BARTIROMO: So what are your expecting out of this meeting on Wednesday between Rex Tillerson and Vladimir Putin? We should point out that one question that Tillerson will want answers to is why is Syria has chemical weapons still anyway, especially since Susan Rice told us that the last administration made sure that Syria had no more chemical weapons, let's listen to Susan Rice just this January. This was sad just this past January. Listen to this, Ambassador.


SUSAN RICE, FORMER NATIONAL SECURITY ADVISER (via telephone): I think the president stated the U.S. view which is the use of chemical weapons is not something we are prepared to allow to persist and we didn't. We manage to accomplish that goal far more thoroughly than we could have by some limited strikes against chemical target by getting the entirety of the declared stockpile removed.


BARTIROMO: And of course, now we know that was not true, sir.

CROCKER: Well, there are any numbers of untruths south out in that region, this would just be one of them. What I hope happens as we move into the new week, in this very important visit to the secretary to Moscow, we need to be more aggressive with respect to Russia.

When they accuse us of violating Syria's sovereignty, we should be right back in their face saying they are protecting and abetting (ph) a mass killer who uses chemical weapons. Is that what Russia wants to be associated with, the use of chemical weapon? Same is true for Iran incidentally and I think we can be pretty powerful there because the Iranians have been victims of chemical attacks.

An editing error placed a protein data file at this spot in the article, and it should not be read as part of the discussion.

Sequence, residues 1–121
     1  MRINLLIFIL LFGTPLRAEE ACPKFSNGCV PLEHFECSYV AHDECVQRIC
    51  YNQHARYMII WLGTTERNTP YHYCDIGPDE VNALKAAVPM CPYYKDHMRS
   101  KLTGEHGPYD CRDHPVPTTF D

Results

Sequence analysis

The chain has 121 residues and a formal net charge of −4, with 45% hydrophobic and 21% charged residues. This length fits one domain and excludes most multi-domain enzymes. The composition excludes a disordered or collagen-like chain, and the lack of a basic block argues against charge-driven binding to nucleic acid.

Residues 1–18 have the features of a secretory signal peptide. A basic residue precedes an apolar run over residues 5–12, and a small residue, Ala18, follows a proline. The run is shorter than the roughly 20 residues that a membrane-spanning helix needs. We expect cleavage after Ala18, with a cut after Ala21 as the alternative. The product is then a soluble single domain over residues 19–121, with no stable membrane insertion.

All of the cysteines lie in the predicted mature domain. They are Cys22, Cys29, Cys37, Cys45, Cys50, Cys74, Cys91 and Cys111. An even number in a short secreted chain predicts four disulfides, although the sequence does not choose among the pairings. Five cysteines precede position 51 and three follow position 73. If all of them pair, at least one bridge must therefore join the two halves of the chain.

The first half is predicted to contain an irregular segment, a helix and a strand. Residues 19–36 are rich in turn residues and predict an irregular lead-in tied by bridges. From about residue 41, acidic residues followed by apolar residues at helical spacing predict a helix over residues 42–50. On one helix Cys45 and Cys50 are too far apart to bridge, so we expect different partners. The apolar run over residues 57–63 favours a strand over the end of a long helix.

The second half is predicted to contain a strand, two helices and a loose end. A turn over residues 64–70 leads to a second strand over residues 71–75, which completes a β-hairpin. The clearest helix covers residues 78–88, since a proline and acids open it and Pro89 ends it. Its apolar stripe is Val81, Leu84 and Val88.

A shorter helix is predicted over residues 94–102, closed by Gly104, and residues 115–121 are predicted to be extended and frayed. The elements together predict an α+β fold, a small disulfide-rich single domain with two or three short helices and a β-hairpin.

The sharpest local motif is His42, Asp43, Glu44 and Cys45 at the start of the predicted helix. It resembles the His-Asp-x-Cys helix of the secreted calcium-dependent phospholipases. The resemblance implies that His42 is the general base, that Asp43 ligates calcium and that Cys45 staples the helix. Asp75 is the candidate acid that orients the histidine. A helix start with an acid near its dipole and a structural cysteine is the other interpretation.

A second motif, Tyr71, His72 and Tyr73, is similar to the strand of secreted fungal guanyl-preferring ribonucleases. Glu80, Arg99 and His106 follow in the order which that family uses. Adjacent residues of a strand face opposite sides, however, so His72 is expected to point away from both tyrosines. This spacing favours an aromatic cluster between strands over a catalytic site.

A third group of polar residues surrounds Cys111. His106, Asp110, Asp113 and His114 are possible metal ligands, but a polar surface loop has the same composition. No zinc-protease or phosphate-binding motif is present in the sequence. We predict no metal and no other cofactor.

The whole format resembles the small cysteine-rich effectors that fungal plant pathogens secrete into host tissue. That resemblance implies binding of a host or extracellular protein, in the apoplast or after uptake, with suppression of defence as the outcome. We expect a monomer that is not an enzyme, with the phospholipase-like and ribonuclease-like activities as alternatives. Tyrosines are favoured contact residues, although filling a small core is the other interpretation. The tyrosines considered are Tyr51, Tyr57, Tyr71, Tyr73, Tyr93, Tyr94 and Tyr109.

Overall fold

Their population is probably not going to like too much that they are now associating with someone who carries out these attacks, so I think we need to be a little more aggressive on this.

BARTIROMO: All right. Well, we'll be watching that meeting certainly, it's going to give us a window into that relationship. Ambassador, good to have you on the program this morning, thanks very much.

CROCKER: Thank you, Maria.

BARTIROMO: We will see you soon, Ambassador Ryan Crocker.

And a big viewers note, this Wednesday, on "Mornings with Maria" on the Fox Business Network, I will have an exclusive one-on-one interview with President Donald J. Trump. We will talk about Syria plus his take on the state of the economy. Find out what he has to say about tax reform, what the future of NAFTA is and, of course, the future of his agenda in general. That's this Wednesday morning, "Mornings with Maria" beginning at 6:00 a.m. Eastern on the Fox Business Network

And then, next Sunday, we will have more an exclusive portions of that interview with President Trump right here on "Sunday Morning Futures". That's 10:00 a.m. Eastern next Sunday, right here on the Fox News Channel. So join me from my exclusive with President Trump, this upcoming week.

So President Trump taking action in Syria, what is the plan going forward. House Foreign Affairs Chairman Edwards will join me next, live. Plus, remember to follow us on Twitter, let us know what you'd like to hear from our guest today and -- for President Trump @MariaBartiromo on Twitter, @SundayFutures. Stay with us we'll looking ahead right now on "Sunday Morning Futures"


BARTIROMO: Welcome back. President Trump receiving bipartisan praise for authorizing military action in Syria, now some lawmakers are asking the President to work with Congress to come up with a complete strategy.

Joining us right now is House Foreign Affairs Committee Chairman Ed Royce. Congressman, it's good to have on the program this morning. Thanks so much for being here.


BARTIROMO: What you want to see as a plan moving forward in Syria?

ROYCE: Well, I think we need clear policy goals for Syria, in the region. I think what we need to see is more than just the preliminary framework that was put out by Secretary Mattis. We need to be working with the administration first and foremost on a plan to destroy and eliminate ISIS. And then secondarily on putting enough pressure, bring in enough pressure to bear on some of the supporters of Assad in order to get a negotiated settlement out of Syria.